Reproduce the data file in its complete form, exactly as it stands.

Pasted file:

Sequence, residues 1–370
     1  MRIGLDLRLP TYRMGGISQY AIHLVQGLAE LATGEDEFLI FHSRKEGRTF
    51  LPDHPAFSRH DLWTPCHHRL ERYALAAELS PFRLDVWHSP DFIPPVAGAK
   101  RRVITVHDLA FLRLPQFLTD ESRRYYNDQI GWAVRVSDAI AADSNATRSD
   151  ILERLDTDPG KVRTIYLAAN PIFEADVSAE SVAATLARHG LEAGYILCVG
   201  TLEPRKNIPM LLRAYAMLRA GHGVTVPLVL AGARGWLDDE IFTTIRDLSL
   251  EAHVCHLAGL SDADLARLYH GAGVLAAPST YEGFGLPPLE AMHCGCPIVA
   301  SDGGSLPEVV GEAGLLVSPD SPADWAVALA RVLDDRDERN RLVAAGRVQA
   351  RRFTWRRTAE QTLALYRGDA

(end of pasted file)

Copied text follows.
Sequence, residues 1–370
     1  MRIGLDLRLP TYRMGGISQY AIHLVQGLAE LATGEDEFLI FHSRKEGRTF
    51  LPDHPAFSRH DLWTPCHHRL ERYALAAELS PFRLDVWHSP DFIPPVAGAK
   101  RRVITVHDLA FLRLPQFLTD ESRRYYNDQI GWAVRVSDAI AADSNATRSD
   151  ILERLDTDPG KVRTIYLAAN PIFEADVSAE SVAATLARHG LEAGYILCVG
   201  TLEPRKNIPM LLRAYAMLRA GHGVTVPLVL AGARGWLDDE IFTTIRDLSL
   251  EAHVCHLAGL SDADLARLYH GAGVLAAPST YEGFGLPPLE AMHCGCPIVA
   301  SDGGSLPEVV GEAGLLVSPD SPADWAVALA RVLDDRDERN RLVAAGRVQA
   351  RRFTWRRTAE QTLALYRGDA